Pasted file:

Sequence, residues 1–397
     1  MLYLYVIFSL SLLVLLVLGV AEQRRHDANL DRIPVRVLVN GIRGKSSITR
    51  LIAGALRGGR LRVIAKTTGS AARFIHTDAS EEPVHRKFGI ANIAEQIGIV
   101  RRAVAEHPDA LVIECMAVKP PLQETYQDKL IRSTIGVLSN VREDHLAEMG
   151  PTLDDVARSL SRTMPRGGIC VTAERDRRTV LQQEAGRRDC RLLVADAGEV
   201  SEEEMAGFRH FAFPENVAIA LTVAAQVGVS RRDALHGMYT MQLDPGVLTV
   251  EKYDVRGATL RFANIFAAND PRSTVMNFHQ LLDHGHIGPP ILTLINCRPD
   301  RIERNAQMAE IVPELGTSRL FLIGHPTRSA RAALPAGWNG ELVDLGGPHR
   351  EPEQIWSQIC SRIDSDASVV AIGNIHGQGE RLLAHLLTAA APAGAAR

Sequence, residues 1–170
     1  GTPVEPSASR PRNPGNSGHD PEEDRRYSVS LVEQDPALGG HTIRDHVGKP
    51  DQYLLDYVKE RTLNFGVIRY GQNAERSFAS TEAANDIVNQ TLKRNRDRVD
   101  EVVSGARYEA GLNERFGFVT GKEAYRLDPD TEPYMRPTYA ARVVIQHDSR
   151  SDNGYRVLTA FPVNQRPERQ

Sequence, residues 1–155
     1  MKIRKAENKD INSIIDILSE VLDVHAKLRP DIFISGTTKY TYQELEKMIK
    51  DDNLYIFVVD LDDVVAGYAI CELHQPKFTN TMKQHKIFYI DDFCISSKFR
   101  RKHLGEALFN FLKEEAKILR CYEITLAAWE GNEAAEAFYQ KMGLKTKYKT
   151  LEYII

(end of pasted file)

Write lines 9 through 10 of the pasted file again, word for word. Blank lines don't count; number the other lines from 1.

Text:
   351  EPEQIWSQIC SRIDSDASVV AIGNIHGQGE RLLAHLLTAA APAGAAR

Sequence, residues 1–170